Variability in Physician Opinion on Limiting Pediatric Life Support Journal Articles uri icon

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  • Objective. We conducted this study to investigate how physicians in a pediatric intensive care unit (ICU) currently make decisions to withdraw and withhold life support. Consultation with the patient's primary caregiver often precedes decisions about withdrawal and limitation of life support in chronically ill patients. In these scenarios, the patient's primary caregiver was the pediatric oncologist. To evaluate the influence of subspecialty training, we compared the attitudes of the pediatric intensivists and the oncologists using scenarios describing critically ill oncology patients. Design. Cross-sectional survey. Each physician was randomly assigned 4 of 8 potential case scenarios. Setting. A total of 29 American pediatric ICUs. Participants. Pediatric intensive care and oncology attendings and fellows. Intervention. Systematic manipulation of patient characteristics in two hypothetical case scenarios describing 6-year-old female oncology patients presenting to the ICU after the institution of mechanical ventilator support for acute respiratory failure. Cases 1 through 4 described a patient who, before admission, had a 99% projected 1-year probability of survival from her underlying cancer and suffered from severe neurologic disabilities. Cases 5 through 8 described a patient who was neurologically normal before admission and had a <1% chance of surviving longer than 1 year because of her underlying cancer. Each physician was randomly assigned 2 cases from cases 1 through 4 and 2 cases from cases 5 through 8. Within each of these case scenarios, parental preferences (withdraw or advance support or look for guidance from the caregivers) and probability of survival (5% vs 40%) were manipulated. Before distribution, the survey instrument was pilot-tested and underwent a rigorous assessment for clinical sensibility. Primary Outcome Measures. Physicians ratings of the importance of 10 factors considered in the decision to withdraw life support, and their decisions about the appropriate level of care to provide. Respondents were offered five management options representing five levels of care: 1) discontinue inotropes and mechanical ventilation but continue comfort measures; 2) discontinue inotropes and other maintenance therapy but continue mechanical ventilation and comfort measures; 3) continue with current management but add no new therapeutic intervention; 4) continue with current management, add additional inotropes, change antibiotics and the like as needed, but do not start dialysis; and 5) continue with full aggressive management and plan for dialysis if necessary. Respondents also were asked whether they would obtain an ethics consultation. Results. A total of 270 physicians responded to our survey (165 of 198 potentially eligible pediatric intensivists and 105 of 178 pediatric oncologists for response rates of 83% and 59%, respectively). The respondents considered the probability of ICU survival and the wishes of the parents regarding the aggressiveness of care most important in the decision to limit life-support interventions. No clinically important differences were found when the responses of oncologists were compared with those of intensivists. In six of eight possible scenarios, the same level of intensity of care was chosen by less than half of all respondents. In three scenarios, ≥10% of respondents chose full aggressive management as the most appropriate level of care, whereas another ≥10% chose comfort measures only when viewing the same scenario. The most significant respondent factors affecting choices were professional status (attending vs fellow) and the self-rated importance of functional neurologic status. The majority of respondents (83%) believed that the intensive care and the oncology staff were usually in agreement at their institution about the level of intervention to recommend to the parents. Respondents reporting that they were more likely to withdraw life support than their colleagues were more likely to limit life-support interventions in the scenarios than those who reported that they were less likely to withdraw life support. At least 50% of respondents would request an ethics consult when 1) the probability of acute survival was 40% and the parents wanted to withdraw support in the patient with neurologic disabilities and 2) when the probability of survival was 5% and the parents wanted to advance support in the patient with a <1 year life expectancy from her underlying cancer. Conclusions. Acute prognosis, parental wishes, and functional status are significant determinants of limitations of life support for critically ill children. However, responses to these hypothetical patient scenarios reflect marked variability in decision-making across pediatric intensivists and oncologists. The degree to which this variability in decision-making exists in actual patient care requires additional study. Variability in decision-making may lead to unnecessary suffering, lack of fairness when making decisions about neurologically handicapped individuals, and inappropriate use of scarce resources in futile cases. Increased efforts should be directed at developing clearer recommendations for limiting life support in critically ill children.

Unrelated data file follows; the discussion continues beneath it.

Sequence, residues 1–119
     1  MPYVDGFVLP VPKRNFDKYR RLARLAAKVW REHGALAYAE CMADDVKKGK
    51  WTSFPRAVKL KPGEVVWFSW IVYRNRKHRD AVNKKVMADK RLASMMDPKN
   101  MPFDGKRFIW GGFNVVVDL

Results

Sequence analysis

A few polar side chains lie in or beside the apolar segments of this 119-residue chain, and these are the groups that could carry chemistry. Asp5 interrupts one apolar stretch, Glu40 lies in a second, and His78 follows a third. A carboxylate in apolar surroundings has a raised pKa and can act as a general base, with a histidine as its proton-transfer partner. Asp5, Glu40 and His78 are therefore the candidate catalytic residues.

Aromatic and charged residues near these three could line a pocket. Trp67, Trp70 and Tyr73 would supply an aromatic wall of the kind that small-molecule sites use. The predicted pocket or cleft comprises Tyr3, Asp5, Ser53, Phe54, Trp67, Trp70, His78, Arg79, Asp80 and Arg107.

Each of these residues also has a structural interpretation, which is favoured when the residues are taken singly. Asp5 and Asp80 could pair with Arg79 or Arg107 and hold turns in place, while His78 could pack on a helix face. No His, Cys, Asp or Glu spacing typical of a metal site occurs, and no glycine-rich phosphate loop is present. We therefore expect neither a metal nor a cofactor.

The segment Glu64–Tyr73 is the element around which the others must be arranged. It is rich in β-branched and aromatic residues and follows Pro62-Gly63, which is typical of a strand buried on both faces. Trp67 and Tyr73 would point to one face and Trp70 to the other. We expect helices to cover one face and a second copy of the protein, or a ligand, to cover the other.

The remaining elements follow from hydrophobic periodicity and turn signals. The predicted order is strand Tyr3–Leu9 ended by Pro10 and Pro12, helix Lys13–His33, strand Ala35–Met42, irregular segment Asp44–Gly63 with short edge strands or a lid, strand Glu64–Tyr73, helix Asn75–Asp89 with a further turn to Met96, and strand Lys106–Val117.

• Randolph, Adrienne G
  • Zollo, Mary B
  • Egger, Marlene J
  • Guyatt, Gordon
  • Nelson, Robert M
  • Stidham, Gregory L

publication date

  • April 1, 1999

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